Paramagnetic Mn2+ has emerged in the search for non-invasive magnetic resonance imaging (MRI) techniques to monitor Ca2+ in diagnostic and prognostic cardiovascular disease tests because it both alters MRI contrast and behaves as a Ca2+ 'surrogate' in vivo. However, the reliance on macroscopically averaged measurements to infer microscopic processes constitutes a major limitation of MRI. This investigation circumvents this limitation and contributes an MRI-based myocardial Ca2+-transporter assay, which probes the Na+/Ca2+-exchanger involvement in Mn2+ (and presumably Ca2+) transport by virtue of its response to pharmacological inhibition. In the model employed herein, ex vivo arrested rat hearts underwent normoxia and then hypoxia while a constant (hyperkalemic) perfusion minimized flow (and uncontrolled Ca2+-channel) contributions to Mn2+ enhanced MRI measurements. The results (i) demonstrate that Mn2+ (and presumably Ca2+) accumulates via Na+/Ca2+ -exchanger-mediated transport during hyperkalemic hypoxia and further, (ii) implicate hypo-perfusion (rather than the diminished participation of an isolated sarcolemmal Ca2+-transporter) as the mechanism that underlies the reported reductions of Mn2+ accumulation (relative to healthy myocardium) subsequent to myocardial insults in MRI studies. Although myriad studies have employed Mn2+-enhanced MRI in myocardial investigations, this appears to be the first attempt to assay the Na+/Ca2+-exchanger with MRI under highly circumscribed conditions. MRI-based Ca2+-transporter assays, such as the Na+/Ca2+-exchanger assay utilized here, will inevitably impact disciplines in the medical sciences and beyond.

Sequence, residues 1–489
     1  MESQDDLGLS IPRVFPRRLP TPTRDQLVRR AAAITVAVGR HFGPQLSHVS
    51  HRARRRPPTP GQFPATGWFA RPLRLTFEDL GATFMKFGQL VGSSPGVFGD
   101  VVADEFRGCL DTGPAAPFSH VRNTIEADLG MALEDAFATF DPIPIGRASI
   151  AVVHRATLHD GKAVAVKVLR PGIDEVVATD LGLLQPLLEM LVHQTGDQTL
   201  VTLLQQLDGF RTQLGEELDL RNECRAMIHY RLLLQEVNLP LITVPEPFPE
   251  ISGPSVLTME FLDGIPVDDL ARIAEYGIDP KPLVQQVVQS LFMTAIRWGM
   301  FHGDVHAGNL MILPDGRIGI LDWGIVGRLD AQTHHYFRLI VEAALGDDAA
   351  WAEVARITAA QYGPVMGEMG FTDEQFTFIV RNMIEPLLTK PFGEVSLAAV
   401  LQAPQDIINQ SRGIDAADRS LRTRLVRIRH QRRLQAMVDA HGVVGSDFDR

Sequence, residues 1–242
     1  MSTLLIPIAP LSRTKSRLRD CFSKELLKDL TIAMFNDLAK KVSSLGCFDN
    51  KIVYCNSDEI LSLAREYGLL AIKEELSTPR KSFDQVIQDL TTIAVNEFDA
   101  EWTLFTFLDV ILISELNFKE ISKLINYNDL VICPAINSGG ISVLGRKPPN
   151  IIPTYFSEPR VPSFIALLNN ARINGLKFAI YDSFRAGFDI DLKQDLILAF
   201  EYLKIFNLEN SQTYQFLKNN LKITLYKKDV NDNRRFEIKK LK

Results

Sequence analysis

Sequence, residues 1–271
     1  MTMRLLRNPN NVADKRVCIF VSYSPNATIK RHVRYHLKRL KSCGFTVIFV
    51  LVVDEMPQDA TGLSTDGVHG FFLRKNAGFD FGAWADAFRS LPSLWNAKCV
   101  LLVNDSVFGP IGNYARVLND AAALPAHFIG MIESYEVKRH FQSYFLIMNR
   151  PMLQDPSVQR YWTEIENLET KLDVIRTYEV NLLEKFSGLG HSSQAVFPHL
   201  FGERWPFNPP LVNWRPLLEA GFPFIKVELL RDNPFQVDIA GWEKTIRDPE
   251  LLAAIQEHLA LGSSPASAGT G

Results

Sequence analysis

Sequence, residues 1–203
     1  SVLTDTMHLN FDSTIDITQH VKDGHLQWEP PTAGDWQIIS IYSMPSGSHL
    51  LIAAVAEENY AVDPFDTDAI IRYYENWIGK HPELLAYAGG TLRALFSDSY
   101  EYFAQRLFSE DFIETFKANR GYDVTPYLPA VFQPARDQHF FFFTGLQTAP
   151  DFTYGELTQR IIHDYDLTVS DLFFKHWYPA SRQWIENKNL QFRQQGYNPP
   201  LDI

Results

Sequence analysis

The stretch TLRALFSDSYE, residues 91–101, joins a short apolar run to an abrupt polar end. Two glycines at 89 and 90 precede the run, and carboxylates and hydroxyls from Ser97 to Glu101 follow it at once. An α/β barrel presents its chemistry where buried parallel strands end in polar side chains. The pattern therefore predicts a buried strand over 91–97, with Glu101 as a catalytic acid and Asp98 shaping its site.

|Original language||English (US)|
|Number of pages||10|
|Journal||Contrast Media and Molecular Imaging|
|State||Published - Sep 2007|
ASJC Scopus subject areas
- Radiology Nuclear Medicine and imaging